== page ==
Offensive linemen have always loved “pancakes” — no-doubt-about-it blocks that end with them flexing over flattened defenders.
But Ikem Ekwonu, a likely top-10 pick in this year’s N.F.L. draft, which begins Thursday, is a rarity: He is agile and dynamic enough to add a bonus pancake after another big play.
In an October game against Louisiana Tech, Ekwonu’s North Carolina State team ran a standard handoff. His job was to wedge the defender opposite him toward the sideline and create space for running back Ricky Person Jr. At the snap, Ekwonu, a 6-foot-4, 310-pound left tackle, shot out of his stance so quickly that he had time to swivel around and wall off his matchup with his back turned, waving Person through the alley he had opened.
“Then he runs another 20 yards downfield and pancakes another guy,” John Garrison, the Wolfpack offensive line coach, said. The play ended in a 24-yard touchdown.
Highlights like that one have cemented Ekwonu’s status at the vanguard of a wave of offensive line prospects, including Evan Neal of the University of Alabama and Charles Cross of Mississippi State, expected to be selected early in the draft. Their speed and mobility are in high demand at what have traditionally been football’s burliest positions. At this year’s draft scouting combine, Cross was one of 12 offensive linemen to run the 40-yard dash in less than five seconds — Ekwonu clocked in at 4.93 seconds — twice as many as the previous record of six, set in 2013.
“When they think of offensive linemen, people get stuck on the numbers, height and weight,” Ekwonu, 21, said in an interview this month. “But the intangible stuff: Are you flexible? Can you bend? Can you sprint around a corner, get square, keep your balance? That stuff is really important, and it’s all tied to mobility.”
In 2013, the last time a lineman was drafted first overall, the N.F.L. had just finished a season in which five quarterbacks ran for at least 300 yards. Last season featured 10 such quarterbacks. Where years ago a tackle’s assignment was often straightforward — keep a pocket passer upright — that player now may have to chaperone a trick-play end around on one snap and run interference for a scrambling signal-caller the next.
“Back when it was Tom Brady versus Peyton Manning, it was more old-school football,” Jordan Reid, an ESPN draft analyst said. “You had these big, powerful men trying to overpower guys at the point of attack. Now it’s all about winning with angles, having these athletic linemen that can seal off pass rushers and run defenders as opposed to trying to just plow through them.”
It’s also a matter of keeping up with the athletes opposite them. Teams a decade ago didn’t have to block Aaron Donald, the undersized but blink-quick pass rusher who paced the Los Angeles Rams’ Super Bowl run last season.
“You have these defensive linemen now who are freak athletes,” Geoff Schwartz, an offensive lineman who played six N.F.L. seasons, said. “That’s why it’s so important that these offensive linemen are matching that athleticism.”
Entering college, Ekwonu did not look like a future first-rounder. A youth football coach called him Ickey, after the former Cincinnati Bengals running back Ickey Woods, and the name stuck as he became a three-star recruit. He landed at North Carolina State in 2019 at 288 pounds, lacking the dimensions to stand out among linemen. (Top prospects can be 6-6 and weigh well over 300 pounds entering college.)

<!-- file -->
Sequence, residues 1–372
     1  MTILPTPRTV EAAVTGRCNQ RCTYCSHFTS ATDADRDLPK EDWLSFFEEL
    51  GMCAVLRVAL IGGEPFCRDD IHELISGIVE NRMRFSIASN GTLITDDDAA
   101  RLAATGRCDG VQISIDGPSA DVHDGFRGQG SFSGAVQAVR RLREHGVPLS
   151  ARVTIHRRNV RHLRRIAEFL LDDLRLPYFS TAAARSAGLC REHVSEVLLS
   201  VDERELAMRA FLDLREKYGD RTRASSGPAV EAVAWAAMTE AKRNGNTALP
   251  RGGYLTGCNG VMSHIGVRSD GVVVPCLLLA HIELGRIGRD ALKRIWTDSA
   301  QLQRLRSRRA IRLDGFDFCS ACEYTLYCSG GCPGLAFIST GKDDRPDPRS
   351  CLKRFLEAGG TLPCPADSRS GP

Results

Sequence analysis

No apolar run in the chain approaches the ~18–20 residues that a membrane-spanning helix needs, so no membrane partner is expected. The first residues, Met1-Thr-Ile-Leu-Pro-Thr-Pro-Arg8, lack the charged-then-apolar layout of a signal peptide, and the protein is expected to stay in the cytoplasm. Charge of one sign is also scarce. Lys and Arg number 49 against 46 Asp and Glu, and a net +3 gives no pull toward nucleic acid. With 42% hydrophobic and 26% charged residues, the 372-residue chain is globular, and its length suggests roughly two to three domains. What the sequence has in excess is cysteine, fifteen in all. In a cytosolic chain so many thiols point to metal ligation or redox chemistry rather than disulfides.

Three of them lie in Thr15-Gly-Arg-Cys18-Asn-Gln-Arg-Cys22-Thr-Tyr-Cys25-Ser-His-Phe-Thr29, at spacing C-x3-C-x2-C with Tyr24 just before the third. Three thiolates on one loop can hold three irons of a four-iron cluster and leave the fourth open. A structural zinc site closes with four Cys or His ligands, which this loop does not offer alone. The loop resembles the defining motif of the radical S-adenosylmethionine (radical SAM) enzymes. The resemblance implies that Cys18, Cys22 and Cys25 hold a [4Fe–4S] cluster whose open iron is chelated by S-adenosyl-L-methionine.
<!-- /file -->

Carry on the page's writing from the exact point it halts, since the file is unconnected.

But Garrison and the rest of the Wolfpack coaches saw potential in Ekwonu’s light feet, loose hips and balance, attributes he had developed wrestling and, on a couple of occasions, used to anchor the 4×100 relay team at Providence Day School in Charlotte, N.C.
“The first time I saw him, he was walking in a handstand across the room,” Garrison said. “Just his athleticism and quick-twitch speed were very impressive.”
Ekwonu’s weight surpassed 300 pounds as a freshman, and he thrived in a system that asked him to be more than a “jug butt,” as Garrison describes all-muscle-no-hustle maulers. Ekwonu’s routes from snap to snap had nearly as much variety as those of a wide receiver.
On up-the-middle runs, he would bring defensive ends to a standstill; on wide pitches, he would speed out toward the sideline and wallop a linebacker. In all, he notched 67 pancakes in his last season at North Carolina State.
“Teams knew what we were going to run,” Ekwonu said. “That just made me want to beat them even more. Anytime you can run the ball on someone who knows what’s coming, it just feels good.”
Leading up to the combine, Ekwonu worked with trainers from the biomechanics company Sports Academy. He had two main goals: to lock in a reliable 40 time — he hadn’t run one in more than five years — and to prep for the even bigger demands for N.F.L. linemen. His trainers likened Ekwonu’s burst to that of a skill position player more than 100 pounds lighter, a quality that might once have been a luxury and is now almost requisite.
“You have to be more athletic and able to carry on a play for a longer duration,” Taylor Ramsey, a Sports Academy trainer, said. “It’s not three to six seconds anymore, it’s five to eight, being able to make one play at the line and then another one downfield.”
Ekwonu’s N.F.L. idol is Trent Williams, a 2021 All-Pro forthe 49ers who ran a 4.81 40-yard dash at the combine in 2010. As part of San Francisco’s intricate schemes, which can involve fullbacks splitting out to wide receiver and wideouts taking handoffs, Williams sometimes lines up away from his normal left tackle position. When Williams shifts into the backfield, ready to hurry to some surprising spot and knock over whomever he meets there, Ekwonu sees a blueprint for how his future team might use him.
“I feel like the N.F.L. is really good at playing to the personnel they have,” Ekwonu said. “Really playing to their strengths.” His next team will have a few to choose from.